Journal: News & Comment

Monday, October 07, 2002
# 9:29:00 AM:


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Bill Dobie links to a discussion of how record companies let Napster die instead of trying to use it to make money. Jason Kottke, in examining the myriad limitations of current file-sharing software, imagines a list of things Napster (or its not-exclusively-MP3 cousins like Kazaa) could have done:

  • Download the rest of the songs from current track's album.
  • Download the top 20 Billboard singles as a collection or separately.
  • Download new tracks by artists I've downloaded before.
  • A list of Amazon's best sellers, with each track downloadable.
  • The top 10 movies in America in digital format.
  • Links to the applications Adobe makes.
  • A list of the titles on the New York Times Bestseller List, downloadable as audiobooks in MP3 format.
  • For files not currently available, a wish list that downloads items as soon as they are.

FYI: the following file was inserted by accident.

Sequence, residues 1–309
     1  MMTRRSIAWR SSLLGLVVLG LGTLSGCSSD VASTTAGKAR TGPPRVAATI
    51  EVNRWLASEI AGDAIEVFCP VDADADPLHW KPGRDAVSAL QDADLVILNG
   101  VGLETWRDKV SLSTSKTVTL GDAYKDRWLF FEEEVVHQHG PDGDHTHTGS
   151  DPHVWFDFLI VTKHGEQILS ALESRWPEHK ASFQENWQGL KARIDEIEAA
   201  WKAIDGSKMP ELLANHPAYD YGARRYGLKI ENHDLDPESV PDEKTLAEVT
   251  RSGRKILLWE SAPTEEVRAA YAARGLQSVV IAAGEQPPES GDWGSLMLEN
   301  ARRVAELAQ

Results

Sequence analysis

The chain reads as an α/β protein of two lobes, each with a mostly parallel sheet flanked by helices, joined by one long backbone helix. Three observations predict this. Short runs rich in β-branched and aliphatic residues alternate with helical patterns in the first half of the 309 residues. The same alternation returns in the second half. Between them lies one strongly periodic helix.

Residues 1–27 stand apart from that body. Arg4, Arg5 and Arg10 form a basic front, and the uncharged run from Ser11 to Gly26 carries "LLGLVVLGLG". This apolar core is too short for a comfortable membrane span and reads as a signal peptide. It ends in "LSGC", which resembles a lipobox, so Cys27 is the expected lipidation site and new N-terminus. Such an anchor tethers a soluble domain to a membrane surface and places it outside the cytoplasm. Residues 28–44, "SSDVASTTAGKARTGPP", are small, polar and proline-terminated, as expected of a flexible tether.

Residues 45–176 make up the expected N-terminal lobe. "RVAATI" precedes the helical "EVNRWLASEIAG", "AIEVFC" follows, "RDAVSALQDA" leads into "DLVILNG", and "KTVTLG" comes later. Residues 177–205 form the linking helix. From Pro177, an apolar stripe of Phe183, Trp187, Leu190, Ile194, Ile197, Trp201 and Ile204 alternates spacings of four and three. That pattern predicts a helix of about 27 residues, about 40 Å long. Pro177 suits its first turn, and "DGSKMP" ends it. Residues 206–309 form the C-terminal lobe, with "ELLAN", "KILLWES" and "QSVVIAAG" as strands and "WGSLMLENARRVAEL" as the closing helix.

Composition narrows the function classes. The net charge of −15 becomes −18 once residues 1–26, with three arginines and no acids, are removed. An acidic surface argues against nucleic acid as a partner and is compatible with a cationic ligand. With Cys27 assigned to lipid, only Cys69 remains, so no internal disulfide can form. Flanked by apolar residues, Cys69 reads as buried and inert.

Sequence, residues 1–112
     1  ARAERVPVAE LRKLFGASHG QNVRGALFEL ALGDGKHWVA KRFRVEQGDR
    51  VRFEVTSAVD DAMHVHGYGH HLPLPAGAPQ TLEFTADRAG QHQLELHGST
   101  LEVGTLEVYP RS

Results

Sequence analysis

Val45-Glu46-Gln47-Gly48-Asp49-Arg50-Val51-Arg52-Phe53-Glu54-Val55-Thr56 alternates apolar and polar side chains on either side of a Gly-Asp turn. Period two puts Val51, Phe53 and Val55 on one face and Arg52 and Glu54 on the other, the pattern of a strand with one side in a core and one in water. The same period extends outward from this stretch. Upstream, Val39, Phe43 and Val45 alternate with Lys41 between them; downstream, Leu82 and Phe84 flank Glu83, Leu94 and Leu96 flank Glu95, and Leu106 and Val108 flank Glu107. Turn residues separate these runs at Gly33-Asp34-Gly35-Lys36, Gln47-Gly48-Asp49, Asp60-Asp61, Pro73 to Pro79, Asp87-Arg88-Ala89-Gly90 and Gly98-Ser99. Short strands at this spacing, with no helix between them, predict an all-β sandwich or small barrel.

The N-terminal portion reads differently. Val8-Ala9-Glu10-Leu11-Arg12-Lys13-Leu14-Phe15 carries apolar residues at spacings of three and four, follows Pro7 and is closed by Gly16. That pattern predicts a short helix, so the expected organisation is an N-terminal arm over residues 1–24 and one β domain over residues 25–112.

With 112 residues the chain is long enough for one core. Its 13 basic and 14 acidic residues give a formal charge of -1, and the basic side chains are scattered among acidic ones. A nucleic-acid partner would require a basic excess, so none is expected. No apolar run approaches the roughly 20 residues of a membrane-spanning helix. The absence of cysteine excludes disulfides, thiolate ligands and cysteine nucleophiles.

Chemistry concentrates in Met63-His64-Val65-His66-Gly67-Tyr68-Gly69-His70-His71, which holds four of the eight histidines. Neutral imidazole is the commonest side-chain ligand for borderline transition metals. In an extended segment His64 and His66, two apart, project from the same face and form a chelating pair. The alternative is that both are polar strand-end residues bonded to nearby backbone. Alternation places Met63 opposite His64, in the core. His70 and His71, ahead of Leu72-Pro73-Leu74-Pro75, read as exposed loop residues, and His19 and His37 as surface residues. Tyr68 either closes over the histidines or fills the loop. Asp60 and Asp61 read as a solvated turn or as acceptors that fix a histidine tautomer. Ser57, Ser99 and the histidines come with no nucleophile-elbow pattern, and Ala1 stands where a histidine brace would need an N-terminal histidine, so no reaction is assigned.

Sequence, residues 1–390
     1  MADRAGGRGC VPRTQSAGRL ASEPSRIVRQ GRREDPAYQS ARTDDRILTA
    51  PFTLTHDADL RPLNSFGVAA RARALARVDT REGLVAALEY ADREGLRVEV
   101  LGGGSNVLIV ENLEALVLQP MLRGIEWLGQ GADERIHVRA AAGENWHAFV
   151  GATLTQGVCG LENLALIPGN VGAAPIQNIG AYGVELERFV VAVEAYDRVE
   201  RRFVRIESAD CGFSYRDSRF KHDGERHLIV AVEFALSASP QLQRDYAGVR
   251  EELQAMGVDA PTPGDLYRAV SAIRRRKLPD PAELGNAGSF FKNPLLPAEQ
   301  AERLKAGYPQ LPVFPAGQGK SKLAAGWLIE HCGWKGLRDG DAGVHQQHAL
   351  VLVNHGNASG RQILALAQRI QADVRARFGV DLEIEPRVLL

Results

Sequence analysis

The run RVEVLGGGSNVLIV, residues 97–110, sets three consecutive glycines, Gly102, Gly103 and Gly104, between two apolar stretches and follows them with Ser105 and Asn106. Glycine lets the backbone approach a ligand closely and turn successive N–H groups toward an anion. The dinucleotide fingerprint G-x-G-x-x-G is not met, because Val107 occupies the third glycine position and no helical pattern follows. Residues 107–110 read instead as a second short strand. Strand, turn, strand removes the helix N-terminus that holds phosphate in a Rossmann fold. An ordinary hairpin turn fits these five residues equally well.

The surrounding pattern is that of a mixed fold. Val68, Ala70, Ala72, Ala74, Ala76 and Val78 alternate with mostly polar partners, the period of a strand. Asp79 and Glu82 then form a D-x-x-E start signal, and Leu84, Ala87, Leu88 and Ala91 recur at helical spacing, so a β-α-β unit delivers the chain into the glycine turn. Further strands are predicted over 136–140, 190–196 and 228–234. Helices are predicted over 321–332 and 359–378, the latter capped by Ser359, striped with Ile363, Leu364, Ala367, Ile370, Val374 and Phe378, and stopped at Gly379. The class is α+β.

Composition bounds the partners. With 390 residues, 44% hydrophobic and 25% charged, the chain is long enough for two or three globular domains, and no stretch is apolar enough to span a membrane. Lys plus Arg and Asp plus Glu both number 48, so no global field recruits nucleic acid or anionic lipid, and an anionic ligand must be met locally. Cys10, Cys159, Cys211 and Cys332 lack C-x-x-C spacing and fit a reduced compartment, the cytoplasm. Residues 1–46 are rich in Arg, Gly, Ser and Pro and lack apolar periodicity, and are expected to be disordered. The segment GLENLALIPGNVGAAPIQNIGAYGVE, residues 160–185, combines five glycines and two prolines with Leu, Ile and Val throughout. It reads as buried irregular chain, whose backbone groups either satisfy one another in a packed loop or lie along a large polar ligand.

• One-click downloads, just like Amazon's one-click shopping.

Kottke uses the list as features programs would have if they were really properly designed for stealing. But what if there was a payment mechanism built in? A survey during Napster's heyday indicated that people would have been willing to pay between $5 and $20 a month for the very basic (but successful) service even as it existed then -- potentially bringing in more money than the current CD industry by getting more money on average from music buyers. I'd gladly pay more than that for something with the features listed above -- and how about cover art, exclusive deals on T-shirts and other merchandise, tour information and discounts, and so on?

Had the recording industry worked to make that happen -- technically, it was possible then and still is -- they would have had a huge head start on the "bootleg" peer-to-peer community, which still hasn't created file-sharing software that's actually any good at finding files. But they sued instead, and "won." Yet they haven't really made any moves to find a new business model, even though the old one is still doomed to die eventually.

The music and movie industries could have kicked other peer-to-peer systems' butts in the marketplace, and made more money too. Too bad they didn't try.


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